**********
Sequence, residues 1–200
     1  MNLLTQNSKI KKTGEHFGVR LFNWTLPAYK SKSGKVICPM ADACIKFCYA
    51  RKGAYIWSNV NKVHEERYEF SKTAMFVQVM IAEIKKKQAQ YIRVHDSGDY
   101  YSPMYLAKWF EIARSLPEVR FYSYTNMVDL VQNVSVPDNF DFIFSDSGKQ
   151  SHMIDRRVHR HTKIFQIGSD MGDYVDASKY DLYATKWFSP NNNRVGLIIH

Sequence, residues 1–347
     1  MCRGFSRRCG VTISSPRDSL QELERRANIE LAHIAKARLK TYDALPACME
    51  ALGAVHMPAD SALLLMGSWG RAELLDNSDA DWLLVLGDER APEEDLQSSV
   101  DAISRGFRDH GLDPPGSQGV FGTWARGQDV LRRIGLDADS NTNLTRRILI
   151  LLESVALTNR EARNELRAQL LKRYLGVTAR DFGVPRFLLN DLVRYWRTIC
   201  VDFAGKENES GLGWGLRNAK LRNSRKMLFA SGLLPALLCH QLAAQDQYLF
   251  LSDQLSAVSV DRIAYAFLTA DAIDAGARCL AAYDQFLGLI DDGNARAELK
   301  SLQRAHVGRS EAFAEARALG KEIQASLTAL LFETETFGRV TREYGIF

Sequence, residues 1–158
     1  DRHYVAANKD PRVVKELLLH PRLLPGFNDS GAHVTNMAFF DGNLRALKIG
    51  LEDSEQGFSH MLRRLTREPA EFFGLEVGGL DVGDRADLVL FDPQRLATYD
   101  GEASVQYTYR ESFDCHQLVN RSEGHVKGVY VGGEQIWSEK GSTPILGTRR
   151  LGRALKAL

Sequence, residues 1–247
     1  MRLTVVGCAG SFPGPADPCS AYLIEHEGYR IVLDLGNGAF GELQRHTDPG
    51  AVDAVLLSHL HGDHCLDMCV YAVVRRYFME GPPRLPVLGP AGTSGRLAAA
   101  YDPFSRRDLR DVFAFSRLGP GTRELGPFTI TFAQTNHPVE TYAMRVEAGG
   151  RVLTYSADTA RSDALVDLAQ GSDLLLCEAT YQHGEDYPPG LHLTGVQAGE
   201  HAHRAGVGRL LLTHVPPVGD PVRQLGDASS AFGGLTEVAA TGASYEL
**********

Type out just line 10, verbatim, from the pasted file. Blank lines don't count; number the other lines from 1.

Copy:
   151  LLESVALTNR EARNELRAQL LKRYLGVTAR DFGVPRFLLN DLVRYWRTIC